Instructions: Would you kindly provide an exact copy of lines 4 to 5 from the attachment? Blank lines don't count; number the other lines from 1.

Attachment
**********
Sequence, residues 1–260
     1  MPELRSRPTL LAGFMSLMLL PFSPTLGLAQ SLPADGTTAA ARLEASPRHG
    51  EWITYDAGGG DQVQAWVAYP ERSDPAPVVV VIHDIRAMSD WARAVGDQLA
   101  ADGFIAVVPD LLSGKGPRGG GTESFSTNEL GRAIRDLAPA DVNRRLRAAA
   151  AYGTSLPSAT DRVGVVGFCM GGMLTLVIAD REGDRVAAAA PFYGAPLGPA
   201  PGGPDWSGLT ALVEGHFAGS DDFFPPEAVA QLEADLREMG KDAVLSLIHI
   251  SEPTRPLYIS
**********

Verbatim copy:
   101  ADGFIAVVPD LLSGKGPRGG GTESFSTNEL GRAIRDLAPA DVNRRLRAAA
   151  AYGTSLPSAT DRVGVVGFCM GGMLTLVIAD REGDRVAAAA PFYGAPLGPA